The eighty-seven soldiers’ claims of 160 acres each absorbed 13,920 acres, or a little more than 60 per cent of the entire township. When actual settlers began to come in there were several disputes and law suits over title to the lands, which retarded to some extent the development of the township. The vexed question was finally settled, however, and since then Osceola has grown to be one of the wealthiest, most populous and prosperous townships of Stark County.
     When the first settlers came to the township in 1835 they found a beautiful grove in the northwestern part, extending into what is now Elmira Township, and it was here that they located. At that time the Seminole Indians in Florida were at war with the United States under the leadership of the half-breed chief, Osceola. This chief was the son of a white man named Willis Powell and a Creek squaw. He was born in Georgia, but while he was still in his youth his mother deserted her own tribe and joined the Seminoles. Some of the early settlers, admiring the skill and bravery of the adopted chief in resisting the removal of the Seminoles from their favorite hunting grounds in Florida, named the grove “Osceola Grove,” and this name was afterward conferred upon the civil township established in 1853.
     The first land entries made by actual settlers were in the grove above mentioned and along the East Fork of the Spoon River. Nicholas Sturm and Henry Seely located claims in section 28 in 1835. The following year Robert and William Hall entered land in section 6; James Buswell in section 7; Isaac Spencer, section 18; James Clark and Samuel Love, section 19; Mathias Sturm, section 21, and Joseph Newton, section 28. In 1837 Myrtle G. Brace located in section 6, John Watts in section 19, and W. H. Boardman in section 31.
Although Osceola is an agricultural community, considerable coal mining has been done in the township. As early as 1861 John McLaughlin was mining coal at a place known as Foster’s coal bank, about two and a half miles west of Bradford, and there were other mines along the Spoon River and about Lombardville. A more complete account of the mining interests of the county will be found in the chapter on Finance and Industry.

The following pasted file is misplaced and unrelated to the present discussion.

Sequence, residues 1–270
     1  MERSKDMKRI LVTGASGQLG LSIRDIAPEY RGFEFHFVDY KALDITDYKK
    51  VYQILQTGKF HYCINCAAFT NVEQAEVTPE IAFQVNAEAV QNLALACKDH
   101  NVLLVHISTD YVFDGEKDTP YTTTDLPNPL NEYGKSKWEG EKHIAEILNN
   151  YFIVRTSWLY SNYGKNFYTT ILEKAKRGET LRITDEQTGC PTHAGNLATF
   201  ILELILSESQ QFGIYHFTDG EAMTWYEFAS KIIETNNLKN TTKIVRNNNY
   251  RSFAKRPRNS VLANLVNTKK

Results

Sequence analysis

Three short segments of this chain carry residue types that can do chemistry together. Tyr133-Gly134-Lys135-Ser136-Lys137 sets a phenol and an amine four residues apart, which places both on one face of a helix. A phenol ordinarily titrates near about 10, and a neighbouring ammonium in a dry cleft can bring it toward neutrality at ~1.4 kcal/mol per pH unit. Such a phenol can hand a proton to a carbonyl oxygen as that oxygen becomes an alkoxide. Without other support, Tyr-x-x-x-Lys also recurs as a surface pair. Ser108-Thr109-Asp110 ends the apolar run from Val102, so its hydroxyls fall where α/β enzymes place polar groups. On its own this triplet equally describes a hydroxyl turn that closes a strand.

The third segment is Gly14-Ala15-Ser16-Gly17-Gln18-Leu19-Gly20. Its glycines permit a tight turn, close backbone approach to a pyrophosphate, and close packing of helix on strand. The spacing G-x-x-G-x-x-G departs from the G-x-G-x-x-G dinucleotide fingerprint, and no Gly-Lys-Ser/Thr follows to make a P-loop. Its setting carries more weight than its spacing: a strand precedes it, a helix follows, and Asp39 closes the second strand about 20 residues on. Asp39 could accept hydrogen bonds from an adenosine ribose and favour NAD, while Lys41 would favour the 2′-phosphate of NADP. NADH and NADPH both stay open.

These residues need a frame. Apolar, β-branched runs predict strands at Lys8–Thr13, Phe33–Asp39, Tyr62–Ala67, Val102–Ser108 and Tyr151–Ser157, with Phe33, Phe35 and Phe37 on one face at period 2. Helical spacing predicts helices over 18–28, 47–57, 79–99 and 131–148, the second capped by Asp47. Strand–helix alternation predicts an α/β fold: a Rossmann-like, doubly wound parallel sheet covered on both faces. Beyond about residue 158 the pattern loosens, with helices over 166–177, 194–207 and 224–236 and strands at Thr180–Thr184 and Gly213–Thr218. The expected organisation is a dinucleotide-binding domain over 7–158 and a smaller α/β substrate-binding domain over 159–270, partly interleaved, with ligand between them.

The Buda & Rushville branch of the Chicago, Burlington & Quincy railway system runs through the eastern part of the township, with stations at Bradford and Lombardville, and furnishes transportation facilities to the people living east of the Spoon River.
     The first election of school trustees in Osceola Township was on June 3, 1846, when Liberty Stone, I. W. Searl and Zebulon Avery were elected. Immediately after their election the trustees divided the township into three school districts. In 1915 there were nine public school buildings, valued at $10,800, and during the preceding school year sixteen teachers were employed. The population of the township in 1910, including the incorporated Village of Bradford, was 1,577, and in 1914 the property was valued for tax purposes at $1,090,874.

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Updated June 6, 2007